A nonprofit organization that works with the descendants of families whose land was wrongly taken is partnering with the local Section 14 Survivors group to formally call for reparations from the city for the forced evictions of Section 14 in the 1950s and 1960s. The organization, Where Is My Land, successfully helped descendants of the Bruce family reclaim their land and gain restitution for the piece of Manhattan Beach that the city seized by eminent domain in the 1920s.
At the center of the issue in Palm Springs is the forced removal of many minority families from a one-square-mile section of land in the heart of the city — known as Section 14 — following a 1959 federal act that allowed tribes to enter into 99-year leases. Business owners here sought those leases to develop the land and had court-appointed conservators manage the finances of individual tribal members. They then set about terminating land leases for families and evicting them from the land, often with little notice, if any.
Last year, Palm Springs elected and appointed officials issued a formal apology and voted to remove the statue of the mayor at the time from in front of City Hall. They also asked staff to explore reparations for surviving members of families who were kicked out. Last week, city officials and representatives of the Section 14 Survivors and the city’s Black community met to discuss what those reparations will look like following the issuance of a staff report available here.
In a news release announcing the partnership Monday, Where Is My Land acknowledged the formal apology the city made last year, calling it long overdue. Still, they said, it will take far greater efforts to make full restitution to families who lost their homes in what a state official once called “a city-engineered Holocaust.”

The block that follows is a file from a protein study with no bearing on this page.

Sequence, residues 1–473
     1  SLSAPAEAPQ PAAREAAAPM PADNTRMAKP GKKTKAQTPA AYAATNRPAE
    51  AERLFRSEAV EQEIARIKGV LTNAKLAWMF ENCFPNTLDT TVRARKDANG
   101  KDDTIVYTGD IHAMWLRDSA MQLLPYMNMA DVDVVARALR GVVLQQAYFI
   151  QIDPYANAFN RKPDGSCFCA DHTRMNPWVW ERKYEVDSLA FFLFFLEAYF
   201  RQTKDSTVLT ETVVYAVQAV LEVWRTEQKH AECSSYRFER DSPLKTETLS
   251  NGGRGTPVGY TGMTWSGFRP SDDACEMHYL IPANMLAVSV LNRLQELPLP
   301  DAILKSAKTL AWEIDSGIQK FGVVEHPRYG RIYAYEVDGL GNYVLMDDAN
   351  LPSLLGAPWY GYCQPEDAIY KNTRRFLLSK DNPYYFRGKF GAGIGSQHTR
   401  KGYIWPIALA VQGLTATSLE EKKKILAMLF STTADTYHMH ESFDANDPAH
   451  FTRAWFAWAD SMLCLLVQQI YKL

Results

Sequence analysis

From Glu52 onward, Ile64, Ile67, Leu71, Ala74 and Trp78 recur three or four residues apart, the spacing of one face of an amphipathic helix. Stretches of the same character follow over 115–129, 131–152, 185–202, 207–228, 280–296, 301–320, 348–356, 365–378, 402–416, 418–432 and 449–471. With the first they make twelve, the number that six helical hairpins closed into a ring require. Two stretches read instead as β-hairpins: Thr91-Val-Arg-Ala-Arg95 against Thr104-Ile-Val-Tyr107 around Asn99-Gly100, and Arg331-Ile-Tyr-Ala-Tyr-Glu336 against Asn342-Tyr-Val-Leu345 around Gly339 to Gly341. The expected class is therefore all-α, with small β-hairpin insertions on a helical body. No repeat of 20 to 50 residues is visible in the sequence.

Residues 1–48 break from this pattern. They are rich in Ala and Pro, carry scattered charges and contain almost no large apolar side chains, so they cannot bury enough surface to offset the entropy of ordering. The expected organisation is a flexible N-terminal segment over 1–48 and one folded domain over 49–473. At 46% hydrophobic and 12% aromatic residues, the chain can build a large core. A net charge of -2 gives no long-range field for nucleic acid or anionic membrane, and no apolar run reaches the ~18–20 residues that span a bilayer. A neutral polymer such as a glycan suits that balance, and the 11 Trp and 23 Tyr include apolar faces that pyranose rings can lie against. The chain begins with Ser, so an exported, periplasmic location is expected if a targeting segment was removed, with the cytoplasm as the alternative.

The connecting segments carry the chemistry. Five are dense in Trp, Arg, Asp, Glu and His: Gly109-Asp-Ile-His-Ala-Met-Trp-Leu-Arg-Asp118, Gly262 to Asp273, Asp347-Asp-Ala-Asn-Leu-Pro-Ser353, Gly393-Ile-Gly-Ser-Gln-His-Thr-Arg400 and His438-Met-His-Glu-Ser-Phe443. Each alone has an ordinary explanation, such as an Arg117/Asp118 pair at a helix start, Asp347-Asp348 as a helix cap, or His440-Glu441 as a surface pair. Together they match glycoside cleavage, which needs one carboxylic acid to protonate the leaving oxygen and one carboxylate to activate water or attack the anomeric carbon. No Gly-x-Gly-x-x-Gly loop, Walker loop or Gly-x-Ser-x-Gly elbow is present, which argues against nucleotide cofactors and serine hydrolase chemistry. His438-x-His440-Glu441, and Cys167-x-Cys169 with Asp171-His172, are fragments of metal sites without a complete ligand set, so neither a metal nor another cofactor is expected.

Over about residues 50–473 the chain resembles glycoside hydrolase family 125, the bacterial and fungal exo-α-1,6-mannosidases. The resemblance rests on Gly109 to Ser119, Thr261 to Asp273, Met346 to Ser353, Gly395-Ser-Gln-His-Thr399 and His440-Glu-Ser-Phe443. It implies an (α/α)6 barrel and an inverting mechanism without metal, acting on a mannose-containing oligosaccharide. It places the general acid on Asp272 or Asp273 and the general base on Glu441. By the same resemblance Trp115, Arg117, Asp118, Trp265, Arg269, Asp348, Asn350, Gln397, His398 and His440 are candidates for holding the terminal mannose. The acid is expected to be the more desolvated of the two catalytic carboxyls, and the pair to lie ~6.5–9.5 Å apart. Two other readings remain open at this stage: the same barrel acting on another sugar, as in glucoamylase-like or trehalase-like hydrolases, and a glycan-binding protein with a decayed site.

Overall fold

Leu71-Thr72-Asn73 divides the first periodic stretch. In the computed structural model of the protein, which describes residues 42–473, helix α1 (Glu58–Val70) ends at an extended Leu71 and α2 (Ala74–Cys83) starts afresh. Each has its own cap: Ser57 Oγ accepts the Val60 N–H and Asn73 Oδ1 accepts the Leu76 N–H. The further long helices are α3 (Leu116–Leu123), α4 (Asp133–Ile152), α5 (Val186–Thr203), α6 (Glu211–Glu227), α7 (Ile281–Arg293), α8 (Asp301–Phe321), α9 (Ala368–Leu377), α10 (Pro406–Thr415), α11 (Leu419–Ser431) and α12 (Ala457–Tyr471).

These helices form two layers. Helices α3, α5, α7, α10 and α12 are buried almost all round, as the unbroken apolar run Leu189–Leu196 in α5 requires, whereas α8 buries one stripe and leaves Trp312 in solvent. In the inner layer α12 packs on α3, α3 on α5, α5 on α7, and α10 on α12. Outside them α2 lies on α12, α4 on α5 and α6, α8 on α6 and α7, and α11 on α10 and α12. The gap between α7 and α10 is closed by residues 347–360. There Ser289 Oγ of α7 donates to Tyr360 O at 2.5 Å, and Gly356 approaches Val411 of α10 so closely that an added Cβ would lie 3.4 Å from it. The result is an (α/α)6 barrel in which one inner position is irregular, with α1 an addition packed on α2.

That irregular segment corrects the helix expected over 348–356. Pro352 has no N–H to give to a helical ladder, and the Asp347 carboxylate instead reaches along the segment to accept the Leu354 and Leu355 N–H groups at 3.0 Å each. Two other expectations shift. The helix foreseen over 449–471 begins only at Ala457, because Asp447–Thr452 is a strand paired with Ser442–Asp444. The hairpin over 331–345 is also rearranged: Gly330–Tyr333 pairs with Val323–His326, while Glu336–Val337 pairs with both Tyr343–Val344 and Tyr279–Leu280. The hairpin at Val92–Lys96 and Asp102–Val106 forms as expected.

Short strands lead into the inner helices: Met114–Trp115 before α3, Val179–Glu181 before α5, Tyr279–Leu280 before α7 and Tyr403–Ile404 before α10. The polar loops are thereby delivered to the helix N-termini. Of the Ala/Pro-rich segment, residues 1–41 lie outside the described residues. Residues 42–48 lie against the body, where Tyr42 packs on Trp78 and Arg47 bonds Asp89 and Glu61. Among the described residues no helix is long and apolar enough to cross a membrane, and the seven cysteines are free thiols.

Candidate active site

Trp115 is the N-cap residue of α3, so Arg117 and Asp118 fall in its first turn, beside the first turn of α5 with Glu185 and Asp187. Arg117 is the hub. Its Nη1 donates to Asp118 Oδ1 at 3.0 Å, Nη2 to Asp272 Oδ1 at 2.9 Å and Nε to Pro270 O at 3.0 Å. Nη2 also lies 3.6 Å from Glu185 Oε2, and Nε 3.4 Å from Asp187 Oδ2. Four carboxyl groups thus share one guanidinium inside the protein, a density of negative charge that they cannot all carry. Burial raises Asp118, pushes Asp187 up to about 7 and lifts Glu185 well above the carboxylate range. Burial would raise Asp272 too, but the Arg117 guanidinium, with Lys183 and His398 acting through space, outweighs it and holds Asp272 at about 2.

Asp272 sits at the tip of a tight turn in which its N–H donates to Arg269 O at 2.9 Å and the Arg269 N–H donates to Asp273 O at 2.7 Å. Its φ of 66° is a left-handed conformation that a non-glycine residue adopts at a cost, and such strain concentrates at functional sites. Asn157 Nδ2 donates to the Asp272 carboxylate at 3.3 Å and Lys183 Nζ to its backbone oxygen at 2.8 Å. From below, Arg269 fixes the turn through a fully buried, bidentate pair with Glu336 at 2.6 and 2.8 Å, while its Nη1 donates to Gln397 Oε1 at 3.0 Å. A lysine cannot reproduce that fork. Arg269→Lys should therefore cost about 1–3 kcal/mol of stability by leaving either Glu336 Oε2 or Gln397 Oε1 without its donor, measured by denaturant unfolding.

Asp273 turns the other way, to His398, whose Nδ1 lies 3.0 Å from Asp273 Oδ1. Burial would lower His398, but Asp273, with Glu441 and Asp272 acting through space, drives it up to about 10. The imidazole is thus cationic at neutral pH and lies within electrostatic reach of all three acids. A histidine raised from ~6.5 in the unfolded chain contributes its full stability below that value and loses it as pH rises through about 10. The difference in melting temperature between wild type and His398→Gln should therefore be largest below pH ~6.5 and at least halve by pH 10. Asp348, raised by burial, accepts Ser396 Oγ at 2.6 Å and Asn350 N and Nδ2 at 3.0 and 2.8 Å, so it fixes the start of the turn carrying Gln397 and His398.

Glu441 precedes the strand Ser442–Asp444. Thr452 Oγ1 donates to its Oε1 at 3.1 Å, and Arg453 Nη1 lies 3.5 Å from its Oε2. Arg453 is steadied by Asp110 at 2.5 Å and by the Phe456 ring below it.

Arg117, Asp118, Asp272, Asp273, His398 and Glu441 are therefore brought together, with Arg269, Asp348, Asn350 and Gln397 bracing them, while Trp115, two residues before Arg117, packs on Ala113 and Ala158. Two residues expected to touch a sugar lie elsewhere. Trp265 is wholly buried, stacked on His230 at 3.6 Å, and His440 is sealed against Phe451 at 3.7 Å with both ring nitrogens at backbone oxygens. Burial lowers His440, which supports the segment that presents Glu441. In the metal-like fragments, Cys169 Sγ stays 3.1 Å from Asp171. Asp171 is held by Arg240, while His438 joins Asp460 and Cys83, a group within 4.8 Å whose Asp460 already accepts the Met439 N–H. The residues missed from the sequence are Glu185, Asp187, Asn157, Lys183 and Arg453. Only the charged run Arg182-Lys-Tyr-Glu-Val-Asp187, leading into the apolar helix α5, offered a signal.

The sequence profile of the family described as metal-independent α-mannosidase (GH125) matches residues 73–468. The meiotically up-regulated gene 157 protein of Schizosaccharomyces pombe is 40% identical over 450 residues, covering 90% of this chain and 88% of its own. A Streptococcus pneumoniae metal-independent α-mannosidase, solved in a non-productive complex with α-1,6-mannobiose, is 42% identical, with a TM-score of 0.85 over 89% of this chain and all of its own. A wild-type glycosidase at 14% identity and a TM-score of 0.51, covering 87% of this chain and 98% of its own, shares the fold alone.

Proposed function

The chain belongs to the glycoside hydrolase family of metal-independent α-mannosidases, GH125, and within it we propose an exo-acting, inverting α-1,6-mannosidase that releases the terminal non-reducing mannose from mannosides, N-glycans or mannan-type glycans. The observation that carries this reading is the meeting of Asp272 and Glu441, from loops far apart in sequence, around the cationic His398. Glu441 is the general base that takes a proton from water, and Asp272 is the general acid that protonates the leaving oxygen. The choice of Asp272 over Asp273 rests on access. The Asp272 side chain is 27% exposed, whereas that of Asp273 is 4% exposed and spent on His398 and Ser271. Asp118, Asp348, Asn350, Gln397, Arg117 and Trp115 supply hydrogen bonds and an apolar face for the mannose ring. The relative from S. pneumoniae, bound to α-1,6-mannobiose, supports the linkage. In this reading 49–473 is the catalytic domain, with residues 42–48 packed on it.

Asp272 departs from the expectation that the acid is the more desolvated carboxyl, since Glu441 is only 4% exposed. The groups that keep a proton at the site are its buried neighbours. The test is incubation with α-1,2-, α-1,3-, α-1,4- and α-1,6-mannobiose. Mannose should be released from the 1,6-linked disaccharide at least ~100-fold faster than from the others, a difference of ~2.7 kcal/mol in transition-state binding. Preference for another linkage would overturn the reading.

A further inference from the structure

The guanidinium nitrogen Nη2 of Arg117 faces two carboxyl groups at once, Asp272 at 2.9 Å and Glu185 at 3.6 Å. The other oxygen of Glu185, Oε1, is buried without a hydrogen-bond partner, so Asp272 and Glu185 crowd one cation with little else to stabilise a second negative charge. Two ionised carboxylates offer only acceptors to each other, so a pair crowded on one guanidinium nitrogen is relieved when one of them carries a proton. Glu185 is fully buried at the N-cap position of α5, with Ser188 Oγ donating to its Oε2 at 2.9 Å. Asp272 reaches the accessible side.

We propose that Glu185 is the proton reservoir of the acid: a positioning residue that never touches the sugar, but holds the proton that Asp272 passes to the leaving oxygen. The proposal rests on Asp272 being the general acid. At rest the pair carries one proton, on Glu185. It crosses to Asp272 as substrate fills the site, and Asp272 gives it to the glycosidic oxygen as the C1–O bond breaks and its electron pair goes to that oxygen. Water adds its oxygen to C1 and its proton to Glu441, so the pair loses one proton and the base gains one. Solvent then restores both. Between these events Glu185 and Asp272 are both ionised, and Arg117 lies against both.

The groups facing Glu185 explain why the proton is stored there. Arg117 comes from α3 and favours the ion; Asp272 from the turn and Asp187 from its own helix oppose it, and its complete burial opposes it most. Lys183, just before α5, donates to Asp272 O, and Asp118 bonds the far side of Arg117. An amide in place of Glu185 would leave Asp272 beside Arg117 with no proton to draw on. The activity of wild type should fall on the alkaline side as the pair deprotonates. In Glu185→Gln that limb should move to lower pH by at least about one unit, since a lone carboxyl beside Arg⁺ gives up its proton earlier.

“Representatives for the city of Palm Springs mentioned on a call last week that they’d like to be trailblazers as it relates to restorative justice for Section 14 Survivors,” said Kavon Ward, CEO of Where Is My Land. “If they’d really like to be trailblazers, they would pay the survivors the monetary restitution they are asking for. Instead they are trying to dictate and force upon the survivors what they deem to be reparations, questioning whether those survivors who have relocated, should be included in any settlement, despite the fact they were forced out.”
Pearl Devers, who helped form the Section 14 Survivors, said Monday that the survivors resent language in the staff report that appears to paint anyone who lived in Section 14 but has since left the city as outsiders.
“Give the people what they’ve been asking for,” she said by phone. “Stop trying to exclude those who were most impacted.”
The City Council will discuss the issue of reparations at its regular meeting this Thursday, and members of the Section 14 Survivors group will be in attendance. Ward expressed concerns that the mostly white City Council will dominate the conversation instead of listening to survivors and descendants.
“I have some words of wisdom for the city manager and the 99% white Palm Springs City Council,” Ward said. “Trying to stuff your version of redress down the survivors throats is not trailblazing. Instead, it perpetuates the typical hollow response in the long-standing, deep rooted harm done to so many Blacks across America.”
More information: The public is encouraged to sign up to make a public comment at Thursday’s meeting. Complete information on how to do that and how to attend or watch the meeting, is available here.